Why is life on Earth so diverse, with many related but distinct species? Understanding how new species form and are maintained requires us to test why related groups of individuals evolve reproductive isolation: the inability to reproduce with each other. One of the most consistent patterns of reproductive isolation is known as Haldane’s rule. It was coined by the eccentric scientist J.B.S. Haldane in 1922 and predicts that in crosses between different species or populations, if either sex of offspring suffers sterility or mortality it will be the sex carrying different sex chromosomes. The rule’s pervasiveness indicates that sex chromosomes might play a key role in barriers to reproduction between species. However, most research on Haldane’s rule has been conducted in species with conventional sex determination systems, and exceptions to the rule have been largely understudied. We examined a remarkably rare exception to Haldane’s rule in two closely related Australian field crickets, Teleogryllus oceanicus and T. commodus. Contrary to the predictions of Haldane’s Rule, hybrid females were sterile in both cross directions, while hybrid males were relatively fertile. We thought sterility in hybrid females might be caused by incompatibility between X chromosomes from the two different species, but surprisingly, we found no evidence to support such a scenario. Instead our results suggested a more complicated genetic basis to hybrid female sterility. It may be that exceptions to this widespread rule may be more common in systems without dimorphic sex chromosomes, which argues for further study of animals with unusual mechanisms of sex determination.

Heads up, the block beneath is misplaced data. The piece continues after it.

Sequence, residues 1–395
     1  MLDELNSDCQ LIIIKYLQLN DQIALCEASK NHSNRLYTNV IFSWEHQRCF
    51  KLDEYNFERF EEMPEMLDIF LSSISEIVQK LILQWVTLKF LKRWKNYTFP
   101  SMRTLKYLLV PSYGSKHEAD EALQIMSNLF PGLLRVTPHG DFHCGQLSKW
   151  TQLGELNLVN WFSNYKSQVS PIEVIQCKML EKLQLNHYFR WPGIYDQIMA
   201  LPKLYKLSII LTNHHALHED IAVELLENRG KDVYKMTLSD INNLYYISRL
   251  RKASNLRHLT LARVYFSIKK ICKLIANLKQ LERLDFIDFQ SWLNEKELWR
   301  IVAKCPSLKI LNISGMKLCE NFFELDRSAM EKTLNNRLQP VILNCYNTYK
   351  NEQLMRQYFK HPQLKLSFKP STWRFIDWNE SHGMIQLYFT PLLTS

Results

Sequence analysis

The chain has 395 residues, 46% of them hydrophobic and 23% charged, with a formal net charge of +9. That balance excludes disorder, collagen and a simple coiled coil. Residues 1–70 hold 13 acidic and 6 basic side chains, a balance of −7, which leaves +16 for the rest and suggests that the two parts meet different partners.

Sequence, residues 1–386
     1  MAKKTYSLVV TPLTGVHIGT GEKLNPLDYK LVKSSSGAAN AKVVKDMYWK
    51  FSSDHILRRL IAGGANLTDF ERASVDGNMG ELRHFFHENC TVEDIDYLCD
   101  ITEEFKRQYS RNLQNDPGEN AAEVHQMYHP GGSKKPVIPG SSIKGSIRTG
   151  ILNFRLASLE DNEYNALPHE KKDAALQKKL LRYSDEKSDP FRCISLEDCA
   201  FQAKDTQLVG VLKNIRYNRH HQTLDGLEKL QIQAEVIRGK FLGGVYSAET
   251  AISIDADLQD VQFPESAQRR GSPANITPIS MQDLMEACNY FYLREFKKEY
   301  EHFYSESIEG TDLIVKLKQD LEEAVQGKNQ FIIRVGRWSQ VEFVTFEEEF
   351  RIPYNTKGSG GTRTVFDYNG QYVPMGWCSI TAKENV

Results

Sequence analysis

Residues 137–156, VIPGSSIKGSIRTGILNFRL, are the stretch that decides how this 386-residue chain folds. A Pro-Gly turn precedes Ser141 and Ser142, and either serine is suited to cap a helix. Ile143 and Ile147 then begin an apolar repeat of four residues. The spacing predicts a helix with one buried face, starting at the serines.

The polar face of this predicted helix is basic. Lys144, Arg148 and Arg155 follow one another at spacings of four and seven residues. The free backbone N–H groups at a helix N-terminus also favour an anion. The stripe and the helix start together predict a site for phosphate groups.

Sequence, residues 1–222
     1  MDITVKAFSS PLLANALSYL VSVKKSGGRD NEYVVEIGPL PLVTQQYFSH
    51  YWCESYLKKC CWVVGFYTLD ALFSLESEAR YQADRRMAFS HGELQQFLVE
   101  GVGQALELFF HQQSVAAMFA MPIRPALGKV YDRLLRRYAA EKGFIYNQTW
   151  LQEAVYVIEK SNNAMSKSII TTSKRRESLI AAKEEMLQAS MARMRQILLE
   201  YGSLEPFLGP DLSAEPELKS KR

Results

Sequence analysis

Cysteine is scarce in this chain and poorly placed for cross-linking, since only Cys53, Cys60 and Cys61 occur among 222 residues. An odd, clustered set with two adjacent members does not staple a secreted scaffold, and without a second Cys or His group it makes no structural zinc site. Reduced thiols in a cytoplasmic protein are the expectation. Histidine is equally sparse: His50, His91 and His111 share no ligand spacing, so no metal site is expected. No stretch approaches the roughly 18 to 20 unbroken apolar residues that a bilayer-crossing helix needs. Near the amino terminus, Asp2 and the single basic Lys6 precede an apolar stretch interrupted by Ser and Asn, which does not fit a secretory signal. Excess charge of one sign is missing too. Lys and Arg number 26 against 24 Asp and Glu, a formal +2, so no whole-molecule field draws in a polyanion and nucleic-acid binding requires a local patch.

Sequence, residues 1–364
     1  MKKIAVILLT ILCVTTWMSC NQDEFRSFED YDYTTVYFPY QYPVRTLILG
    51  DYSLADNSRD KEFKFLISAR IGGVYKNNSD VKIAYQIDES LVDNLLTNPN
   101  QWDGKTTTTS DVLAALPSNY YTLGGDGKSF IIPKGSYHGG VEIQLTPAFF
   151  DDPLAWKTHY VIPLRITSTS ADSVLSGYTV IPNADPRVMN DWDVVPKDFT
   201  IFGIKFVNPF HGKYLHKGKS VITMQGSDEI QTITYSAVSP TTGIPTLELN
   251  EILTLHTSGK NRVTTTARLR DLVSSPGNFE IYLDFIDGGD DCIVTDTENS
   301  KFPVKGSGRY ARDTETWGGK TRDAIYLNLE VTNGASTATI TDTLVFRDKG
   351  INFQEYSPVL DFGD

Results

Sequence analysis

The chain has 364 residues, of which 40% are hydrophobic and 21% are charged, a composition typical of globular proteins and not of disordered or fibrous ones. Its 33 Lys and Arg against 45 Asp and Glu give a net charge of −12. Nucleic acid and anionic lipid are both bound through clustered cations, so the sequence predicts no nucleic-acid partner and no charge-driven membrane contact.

The authors' accepted manuscript of "A rare exception to Haldane's rule: are X chromosomes key to hybrid incompatibilities?" published in the journal Heredity can be freely accessed from the repository at http://hdl.handle.net/10023/11234

Peter Moran in the field

The lead author completed his PhD in St Andrews, and his thesis is also available in the repository at http://hdl.handle.net/10023/10260

The university's Research Portal also provides links to Data underlying the paper and Projects that funded the work.

24 July 2017

Open Access publisher launches photography competition

The Open Access publisher BMC has launched a photography competition to find inspiring images that represent 'research in progress'. Researchers are invited to submit photographs that reflect innovation, curiosity and integrity in a range of categories.

If you have an unusual way to represent your research area, why not share your unique insight? Details of the competition are available from the BMC blog. Images will need to be made available for reuse under a Creative Commons licence, to allow further sharing with proper attribution.

No automatic alt text available.
'Close-up', Jackie Proven, CC-BY